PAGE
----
Monet had painted ten Weeping Willow paintings by 1919, apparently in mournful response to the mass tragedy of World War I. Due to the war, Monet’s luxurious compound at Giverny was for the most part emptied of his children’s families and his household staff, who were either called into service or moved away from the advancing German army. His only surviving son was in constant danger at the front. At times Monet could hear artillery fire, but he refused to leave, preferring to share the fate of his gardens.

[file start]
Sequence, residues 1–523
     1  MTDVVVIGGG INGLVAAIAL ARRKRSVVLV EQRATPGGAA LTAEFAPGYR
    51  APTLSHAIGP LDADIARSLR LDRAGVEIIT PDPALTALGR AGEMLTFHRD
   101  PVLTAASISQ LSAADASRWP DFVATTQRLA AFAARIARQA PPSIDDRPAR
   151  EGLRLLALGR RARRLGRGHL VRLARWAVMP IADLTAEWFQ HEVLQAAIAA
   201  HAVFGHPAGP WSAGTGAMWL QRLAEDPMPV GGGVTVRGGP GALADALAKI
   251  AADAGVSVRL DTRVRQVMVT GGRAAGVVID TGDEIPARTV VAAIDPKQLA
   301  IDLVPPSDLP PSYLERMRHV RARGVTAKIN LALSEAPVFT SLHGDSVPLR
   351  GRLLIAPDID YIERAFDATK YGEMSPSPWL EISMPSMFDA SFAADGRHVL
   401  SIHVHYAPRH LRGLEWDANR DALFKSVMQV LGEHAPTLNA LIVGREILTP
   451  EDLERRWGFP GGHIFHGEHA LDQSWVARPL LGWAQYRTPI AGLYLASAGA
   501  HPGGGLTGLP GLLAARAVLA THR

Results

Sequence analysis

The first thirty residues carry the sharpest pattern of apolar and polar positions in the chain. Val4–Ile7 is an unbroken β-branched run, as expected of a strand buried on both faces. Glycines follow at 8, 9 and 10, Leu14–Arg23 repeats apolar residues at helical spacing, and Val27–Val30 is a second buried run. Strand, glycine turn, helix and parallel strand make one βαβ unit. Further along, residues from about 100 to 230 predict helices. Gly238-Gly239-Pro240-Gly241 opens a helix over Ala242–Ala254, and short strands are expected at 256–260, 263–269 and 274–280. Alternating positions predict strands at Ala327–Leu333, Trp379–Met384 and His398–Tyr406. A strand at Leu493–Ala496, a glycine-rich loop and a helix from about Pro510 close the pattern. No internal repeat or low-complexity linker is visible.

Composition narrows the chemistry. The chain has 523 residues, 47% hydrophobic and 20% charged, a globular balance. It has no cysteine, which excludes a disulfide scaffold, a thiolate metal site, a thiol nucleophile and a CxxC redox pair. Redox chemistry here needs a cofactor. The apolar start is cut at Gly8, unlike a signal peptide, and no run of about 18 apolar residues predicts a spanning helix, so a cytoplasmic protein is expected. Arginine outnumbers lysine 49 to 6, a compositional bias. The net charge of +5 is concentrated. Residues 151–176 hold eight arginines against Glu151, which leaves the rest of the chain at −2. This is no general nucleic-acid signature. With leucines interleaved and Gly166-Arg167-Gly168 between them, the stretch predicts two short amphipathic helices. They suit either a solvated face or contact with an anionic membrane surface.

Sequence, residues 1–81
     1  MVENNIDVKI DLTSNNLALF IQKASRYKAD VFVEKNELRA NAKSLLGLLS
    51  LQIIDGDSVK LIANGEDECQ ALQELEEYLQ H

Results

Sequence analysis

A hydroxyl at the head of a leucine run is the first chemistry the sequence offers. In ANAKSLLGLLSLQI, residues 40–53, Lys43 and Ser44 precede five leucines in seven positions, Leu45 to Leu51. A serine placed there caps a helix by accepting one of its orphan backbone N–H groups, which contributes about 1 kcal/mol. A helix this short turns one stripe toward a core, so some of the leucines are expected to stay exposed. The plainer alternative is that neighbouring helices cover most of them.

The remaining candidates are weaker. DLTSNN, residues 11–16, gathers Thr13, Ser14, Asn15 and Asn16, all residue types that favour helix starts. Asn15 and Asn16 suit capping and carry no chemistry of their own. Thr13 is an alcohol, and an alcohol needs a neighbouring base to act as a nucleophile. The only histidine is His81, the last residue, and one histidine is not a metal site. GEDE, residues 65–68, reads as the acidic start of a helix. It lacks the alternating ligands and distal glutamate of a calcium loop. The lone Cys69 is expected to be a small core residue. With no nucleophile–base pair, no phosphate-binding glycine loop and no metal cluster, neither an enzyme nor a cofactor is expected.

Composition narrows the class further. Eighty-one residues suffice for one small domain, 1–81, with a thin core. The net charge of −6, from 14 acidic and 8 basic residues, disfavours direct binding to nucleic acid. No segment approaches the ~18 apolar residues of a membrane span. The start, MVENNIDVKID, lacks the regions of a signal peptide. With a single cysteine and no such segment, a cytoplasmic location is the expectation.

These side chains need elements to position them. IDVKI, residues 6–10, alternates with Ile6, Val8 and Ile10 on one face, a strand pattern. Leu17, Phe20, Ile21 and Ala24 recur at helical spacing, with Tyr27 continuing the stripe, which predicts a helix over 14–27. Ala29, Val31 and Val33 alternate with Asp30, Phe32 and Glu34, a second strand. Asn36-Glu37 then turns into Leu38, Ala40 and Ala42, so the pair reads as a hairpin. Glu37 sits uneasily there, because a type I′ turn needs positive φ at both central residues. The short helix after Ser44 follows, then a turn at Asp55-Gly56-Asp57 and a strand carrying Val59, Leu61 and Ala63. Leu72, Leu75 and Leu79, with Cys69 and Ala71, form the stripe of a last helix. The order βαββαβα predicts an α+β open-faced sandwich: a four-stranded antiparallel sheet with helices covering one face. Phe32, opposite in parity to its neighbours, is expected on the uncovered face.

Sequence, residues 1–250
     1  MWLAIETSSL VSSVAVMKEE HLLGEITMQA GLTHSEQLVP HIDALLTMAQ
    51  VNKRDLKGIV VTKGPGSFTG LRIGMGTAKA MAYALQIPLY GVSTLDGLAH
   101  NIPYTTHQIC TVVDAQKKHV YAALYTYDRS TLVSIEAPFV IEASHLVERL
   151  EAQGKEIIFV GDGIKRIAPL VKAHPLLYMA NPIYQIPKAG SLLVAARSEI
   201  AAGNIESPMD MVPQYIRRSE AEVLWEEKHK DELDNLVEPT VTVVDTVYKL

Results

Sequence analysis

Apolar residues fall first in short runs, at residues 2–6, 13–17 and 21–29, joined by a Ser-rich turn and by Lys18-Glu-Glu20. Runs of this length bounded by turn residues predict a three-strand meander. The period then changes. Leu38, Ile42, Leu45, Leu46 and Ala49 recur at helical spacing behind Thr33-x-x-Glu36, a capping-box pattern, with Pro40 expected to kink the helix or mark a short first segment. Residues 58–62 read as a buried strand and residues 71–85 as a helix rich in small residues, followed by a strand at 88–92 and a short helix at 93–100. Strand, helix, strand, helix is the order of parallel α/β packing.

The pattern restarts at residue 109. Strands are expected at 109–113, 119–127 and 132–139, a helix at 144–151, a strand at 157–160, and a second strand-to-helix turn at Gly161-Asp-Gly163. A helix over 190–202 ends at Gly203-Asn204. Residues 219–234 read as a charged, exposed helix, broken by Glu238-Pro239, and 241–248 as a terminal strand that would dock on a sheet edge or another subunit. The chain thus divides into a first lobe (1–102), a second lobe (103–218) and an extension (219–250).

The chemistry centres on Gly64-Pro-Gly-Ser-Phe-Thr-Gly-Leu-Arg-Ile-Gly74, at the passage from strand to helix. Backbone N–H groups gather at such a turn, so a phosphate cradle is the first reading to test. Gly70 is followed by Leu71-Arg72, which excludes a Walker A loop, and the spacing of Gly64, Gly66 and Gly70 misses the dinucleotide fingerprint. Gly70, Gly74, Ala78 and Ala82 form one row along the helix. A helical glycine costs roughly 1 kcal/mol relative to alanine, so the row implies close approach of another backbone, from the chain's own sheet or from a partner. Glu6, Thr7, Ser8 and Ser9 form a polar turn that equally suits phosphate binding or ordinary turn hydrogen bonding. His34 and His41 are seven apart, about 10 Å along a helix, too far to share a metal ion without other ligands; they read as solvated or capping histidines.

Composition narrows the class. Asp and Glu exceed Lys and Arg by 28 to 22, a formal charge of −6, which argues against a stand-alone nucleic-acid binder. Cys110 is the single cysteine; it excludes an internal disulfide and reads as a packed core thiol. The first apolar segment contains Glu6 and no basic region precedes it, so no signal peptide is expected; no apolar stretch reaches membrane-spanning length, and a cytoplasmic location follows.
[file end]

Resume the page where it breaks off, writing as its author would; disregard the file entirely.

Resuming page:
As a group, the Weeping Willow paintings are characterized by shadowy colors and writhing forms, as if Monet intended to express the grieving mood not simply with the subject, but also through an expressionist style of painting. They were among the very few easel-scale paintings that Monet made after 1914, when he claimed his failing eyesight was best suited for working in larger formats. The particular tree portrayed in Weeping Willow had pride of place on the bank of Monet’s water garden, with its exotic water lilies. The tree’s trunk, its cascading branches, and its reflection are all incorporated into his greatest artistic legacy, the mural-scale Nymphéas canvases that were his preoccupation from 1914 until his death.